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Brandon Sun Newspaper Archives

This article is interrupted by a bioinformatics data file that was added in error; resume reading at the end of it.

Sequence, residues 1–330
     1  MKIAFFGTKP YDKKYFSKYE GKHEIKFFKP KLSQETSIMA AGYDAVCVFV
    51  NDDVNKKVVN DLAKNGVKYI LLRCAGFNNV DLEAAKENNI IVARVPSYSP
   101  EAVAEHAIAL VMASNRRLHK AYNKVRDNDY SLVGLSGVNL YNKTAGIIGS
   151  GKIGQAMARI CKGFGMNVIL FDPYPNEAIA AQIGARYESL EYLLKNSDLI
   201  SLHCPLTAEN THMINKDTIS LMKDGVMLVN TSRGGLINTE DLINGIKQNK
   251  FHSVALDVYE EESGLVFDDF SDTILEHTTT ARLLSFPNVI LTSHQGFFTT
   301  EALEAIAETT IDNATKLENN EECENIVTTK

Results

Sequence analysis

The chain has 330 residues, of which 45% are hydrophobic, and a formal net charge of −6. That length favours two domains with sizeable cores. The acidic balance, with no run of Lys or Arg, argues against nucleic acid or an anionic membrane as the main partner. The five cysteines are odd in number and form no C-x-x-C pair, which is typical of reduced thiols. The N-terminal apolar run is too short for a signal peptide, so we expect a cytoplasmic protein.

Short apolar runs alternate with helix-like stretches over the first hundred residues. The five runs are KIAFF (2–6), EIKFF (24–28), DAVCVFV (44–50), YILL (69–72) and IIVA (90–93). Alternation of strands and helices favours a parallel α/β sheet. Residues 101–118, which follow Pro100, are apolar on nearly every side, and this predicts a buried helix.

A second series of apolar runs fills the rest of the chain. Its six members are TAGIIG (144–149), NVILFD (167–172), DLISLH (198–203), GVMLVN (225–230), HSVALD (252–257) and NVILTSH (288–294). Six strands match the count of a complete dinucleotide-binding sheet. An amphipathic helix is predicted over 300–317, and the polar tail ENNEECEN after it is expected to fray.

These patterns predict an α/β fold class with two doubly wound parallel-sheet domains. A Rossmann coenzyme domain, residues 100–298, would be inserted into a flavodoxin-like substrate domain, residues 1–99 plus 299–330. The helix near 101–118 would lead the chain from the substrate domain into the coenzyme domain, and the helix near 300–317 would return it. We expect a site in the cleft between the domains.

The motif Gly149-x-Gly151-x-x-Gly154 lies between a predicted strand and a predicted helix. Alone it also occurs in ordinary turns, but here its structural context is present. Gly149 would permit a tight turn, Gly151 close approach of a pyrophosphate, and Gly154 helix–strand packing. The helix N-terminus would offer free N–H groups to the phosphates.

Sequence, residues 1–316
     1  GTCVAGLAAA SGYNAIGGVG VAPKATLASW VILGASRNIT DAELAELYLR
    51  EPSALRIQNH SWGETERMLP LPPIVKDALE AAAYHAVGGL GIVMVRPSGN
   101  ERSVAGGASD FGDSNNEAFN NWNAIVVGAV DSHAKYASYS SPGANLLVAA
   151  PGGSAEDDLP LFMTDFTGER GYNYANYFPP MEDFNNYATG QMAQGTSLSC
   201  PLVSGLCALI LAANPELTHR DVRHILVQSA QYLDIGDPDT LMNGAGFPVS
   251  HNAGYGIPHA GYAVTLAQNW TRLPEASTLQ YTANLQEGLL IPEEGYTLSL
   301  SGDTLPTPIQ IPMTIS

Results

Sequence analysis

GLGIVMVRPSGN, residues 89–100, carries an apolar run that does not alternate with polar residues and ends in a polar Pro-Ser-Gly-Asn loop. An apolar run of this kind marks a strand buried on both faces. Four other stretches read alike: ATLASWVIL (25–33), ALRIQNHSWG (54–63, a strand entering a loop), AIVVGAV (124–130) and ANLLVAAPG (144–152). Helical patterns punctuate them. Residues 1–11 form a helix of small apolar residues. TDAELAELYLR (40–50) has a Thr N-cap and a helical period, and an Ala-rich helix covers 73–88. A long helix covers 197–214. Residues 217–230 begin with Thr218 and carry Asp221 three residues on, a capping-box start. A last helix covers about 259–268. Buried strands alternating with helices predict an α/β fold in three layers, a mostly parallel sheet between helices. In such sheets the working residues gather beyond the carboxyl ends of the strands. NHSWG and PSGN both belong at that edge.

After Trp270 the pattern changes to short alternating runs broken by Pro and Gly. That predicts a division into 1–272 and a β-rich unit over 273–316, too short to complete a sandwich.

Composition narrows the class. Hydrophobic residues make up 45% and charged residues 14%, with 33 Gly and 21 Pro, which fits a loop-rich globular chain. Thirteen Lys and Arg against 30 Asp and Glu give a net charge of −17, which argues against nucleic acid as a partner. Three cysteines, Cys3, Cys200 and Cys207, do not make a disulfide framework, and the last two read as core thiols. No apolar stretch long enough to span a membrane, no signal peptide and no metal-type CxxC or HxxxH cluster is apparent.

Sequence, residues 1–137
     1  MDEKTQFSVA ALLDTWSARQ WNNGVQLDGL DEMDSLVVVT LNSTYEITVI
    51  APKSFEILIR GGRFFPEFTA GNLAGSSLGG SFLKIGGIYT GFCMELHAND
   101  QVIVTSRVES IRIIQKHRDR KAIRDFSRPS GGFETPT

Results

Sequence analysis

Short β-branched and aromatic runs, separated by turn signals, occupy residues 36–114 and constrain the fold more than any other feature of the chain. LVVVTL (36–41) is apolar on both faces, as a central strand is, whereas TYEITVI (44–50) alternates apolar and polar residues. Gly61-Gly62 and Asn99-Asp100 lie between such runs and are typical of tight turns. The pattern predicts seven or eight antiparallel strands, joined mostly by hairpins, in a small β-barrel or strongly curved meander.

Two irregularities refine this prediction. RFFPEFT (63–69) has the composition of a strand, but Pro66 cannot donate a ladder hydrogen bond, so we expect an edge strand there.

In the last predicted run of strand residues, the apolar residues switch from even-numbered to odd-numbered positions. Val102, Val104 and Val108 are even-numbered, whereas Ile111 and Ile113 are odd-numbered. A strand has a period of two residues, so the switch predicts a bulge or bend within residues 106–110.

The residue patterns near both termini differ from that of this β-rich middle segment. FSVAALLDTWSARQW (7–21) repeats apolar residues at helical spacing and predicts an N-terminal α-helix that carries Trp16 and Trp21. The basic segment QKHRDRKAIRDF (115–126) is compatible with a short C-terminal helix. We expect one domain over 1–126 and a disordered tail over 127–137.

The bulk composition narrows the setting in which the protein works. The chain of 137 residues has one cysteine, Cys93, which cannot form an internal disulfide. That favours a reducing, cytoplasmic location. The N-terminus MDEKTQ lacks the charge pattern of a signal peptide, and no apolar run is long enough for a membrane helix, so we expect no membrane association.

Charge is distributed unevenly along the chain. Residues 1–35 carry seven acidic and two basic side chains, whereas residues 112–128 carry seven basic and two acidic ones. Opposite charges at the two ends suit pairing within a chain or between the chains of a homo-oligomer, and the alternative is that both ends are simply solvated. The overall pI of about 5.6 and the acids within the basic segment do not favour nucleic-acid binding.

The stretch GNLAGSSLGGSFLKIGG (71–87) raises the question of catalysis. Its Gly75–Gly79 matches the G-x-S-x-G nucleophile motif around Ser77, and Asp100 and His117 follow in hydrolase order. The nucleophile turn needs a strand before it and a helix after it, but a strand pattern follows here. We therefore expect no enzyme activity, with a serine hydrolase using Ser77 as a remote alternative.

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Brandon Sun (Newspaper) - July 2, 2002, Brandon, Manitoba BRANDON July 2002 A5 IN BRIEF Talks resume in Toronto strike TORONTO It was the perfect kind of weather for a walk in the park or a dip in the pool in Toronto on Canada but a strike by municipal workers meant pools were city parks werent being maintained and the gentle breeze in the air brought with it the putrid stench of rotting Since outside workers walked off the job Torontos garbage has been piling ferry service to pic turesque Toronto Island has been sus pended and road work has been on the Some Canada Day festivities and fireworks displays were even called Talks resumed yesterday between the city and Local 416 of die Canadian Union of Public represent ing the outside The union was optimistic the dis pute could be resolved Accused arsonist was fascinated by fire The man charged with starting one of the blazes that has blackened a huge swath of Arizona forest and destroyed hundreds of homes was fascinated with flame when he was a boy and sometimes set a foster brother Prosecutors have accused Leonard of starting the blaze in dry grass because he wanted to earn US per hour as part of a fire Wilson the suspects brother by recalled how he was intrigued by fire as a child and occa sionally set dangerous ones includ ing a backyard bonfire that almost swept out of Whenever my mother would he would watch the Wilson Gregg told The Arizona It fascinated If convicted of both counts of wil fully setting fire to timber or under he could face 10 years in prison and be fined A preliminary hearing was set for Sub accident caused by explosion of fuel MOSCOW AP The Russian government said yesterday that leaky torpedo fuel caused the explosions that destroyed the Kursk nuclear wrapping up nearly two years of sensi tive investigation into one of the coun trys worst postSoviet The announcement that the vessel was destroyed by an internal malfunc tion and not a foreign sub as had once been theorized was an uncom fortable admission for Russias strug gling The Kursk was one of the navys most advanced subs when it sank in the Barents Sea in August killing all 118 men Industry and Science Minister flya who led the commission investigating the said a leak of hydrogen peroxide used to fuel the 65 76 Kit Whale torpedo was at The conclusion was reached unani mously at the commissions last meet ing Klebanov Korean skirmish casts doubt over talks WASHINGTON AP offi cials said yesterday that a skirmish between vessels of the two Koreas that left four South Korean sailors dead has cast doubt on whether proposed North Korean talks will take The Bush administration proposed to North Korea last Thursday that offi cials of the two countries meet in Pyongyang during the second week in But that never a sure thing to begin has become more doubtful following Saturdays shooting incident in waters off the peninsulas west In addition to the four fatal 19 South Koreans were State Department spokesman Richard Boucher called the incident a North Korean South Korean President Kim Daejung wants to press ahead with his efforts to reconcile with the Manhunt for suspected kidnapper ends A massive police search for a kidnapper who snatched a fiveyearold boy away from his Alberta home ended peacefully on the weekend after the suspect turned himself in to police in RCMP said Rene Michael used a payphone in the city to call police before surrender ing Sunday He faces charges of unlawfully being in a dwelling house and theft over Aaron was found hud dled inside his parents stolen car parked in downtown Police said he wasnt but was tired and Aaron was taken to a Kamloops hospital early yesterday to be checked over before spending the night in a foster He was flown to Brooks on an RCMP aircraft and reunited with his parents later His family is to say the said Sherry BruneUe of the Brooks Press Farm program quickly stumbles BY SCOTT EDMONDS Canadian Press WINNIPEG If Canada wont support its farmers as they battle for world market share with subsidized producers in the and Ted Menzies wonders whos next Are we going to stop producing steel asks the former president of the Western Canadian Wheat Growers who farms near Are we going to stop producing lumber Like many hes looking with a cautious and critical eye at the new umbrella farm policy Ottawa trot ted out in a policy that has already hit its first stumbling Three provinces Manitoba and Saskatchewan have already refused to sign off on the new Agricultural Policy although seven have agreed to take Ottawa is proposing to spend billion over five years on a variety of programs under the as it is gener ally The federal government wants the provinces to kick in as bringing the total to almost Although the ag policy framework contains a lot of motherhood state its really sparse on details and at first brush lacks adequate says Brian a farm economist who works with the Ontario Corn Producers Farmers from British Columbia to the Atlantic provinces are desperate for a program that will show Canada is serious about keeping them in rather than helping them find new I disagree with the argument that we have too many I dont think we have says Harold who farms grain and cattle in the John Valley in New We just dont dare be an importer of food because of food safety and issues like Theres jobs and this just means too much to the economy to not continue I think its important we have an agricultural sector and it be across Canada and a viable Culberson and others dont see the commitment they feel is necessary to guarantee a future for a new Ministers from Saskatchewan and Quebec refused to join the rest of the provinces that signed the new Agriculture Policy Framework on Thursday in In they balked at con tributing to part of the deal that will hand out billion to farmers over the two in what Ottawa says its a transition payment to the The provinces say its a trade injury to offset the impact of hefty and European Those subsidies most hurt those who grow grains and both heavily depen dent on The transition payment is also a sub sidy that disappears in two long before the other countries programs are set to and is only about half what most believe is The farm bill has targeted grains and says Dennis president of the Ontario Corn Producers who farms near Ninetyfive per cent of the direct payments to farmers in the go to the producers of grains and Its a targeted program to cause injury and it He suggests Ottawa doesnt want to admit its compensating farmers for a trade injury that might run afoul of the World trade organization or the rules set under the General Agreement on Trade and Were running scared because were afraid that the WTO will not con sider this trade neutral and GATT Others suggest Ottawa may fear other sectors will seek similar compen even though some have already been on the receiving for received federal help to sell its airplanes abroad because of foreign We have always called it a free trade says Stewart a Saskatchewan farmer and president of the National Farmers I think they are really thinking it might trigger a lot of other people and sectors of the economy to sit back and say is free trade working for me Despite the fact that they were the first to pin a figure on the trade injury last year about billion annually federal officials now insist and European subsidies are not the big trade problem facing Michael Keenan of Agriculture Canada points more to Australian wheat or Argentinian The international competition were while it is stiff and it is its coming from efficient pro ducers in a series of countries that have almost no he dry winds fan forest fire near Prince Albert PRINCE dry winds fanned flames and fears yesterday as a massive forest fire crept within nine kilometres of Saskatchewans third largest The blaze was still considered out of but firefighters were cautiously optimistic that they could keep it out of Prince a city of almost Winds gusting up to 70 kilometres an hour stoked hot spots in the burnedout and there was no sign of rain in the But Curtis regional fire manager for Saskatchewan said crews made excel lent progress battling the fire Sunday We still say its put of control until were 100 per cent confident that its going to stay in the perimeter weve he said yesterday A lot of really good work was Firefighters managed to hold the eastern front of the fire through a combination of a burnout opera a 700metrewide fire break and a timely Saturday rain that meteorologists were calling a mir said Murdoch Carriere of the provinces fire management and forest protection It was not forecast for this Carrier It gave us the six hours that we needed during a tough burning day to get control of actually putting people right on the fire M remaining 2WI2 vehicles IOR HOMt CAll ;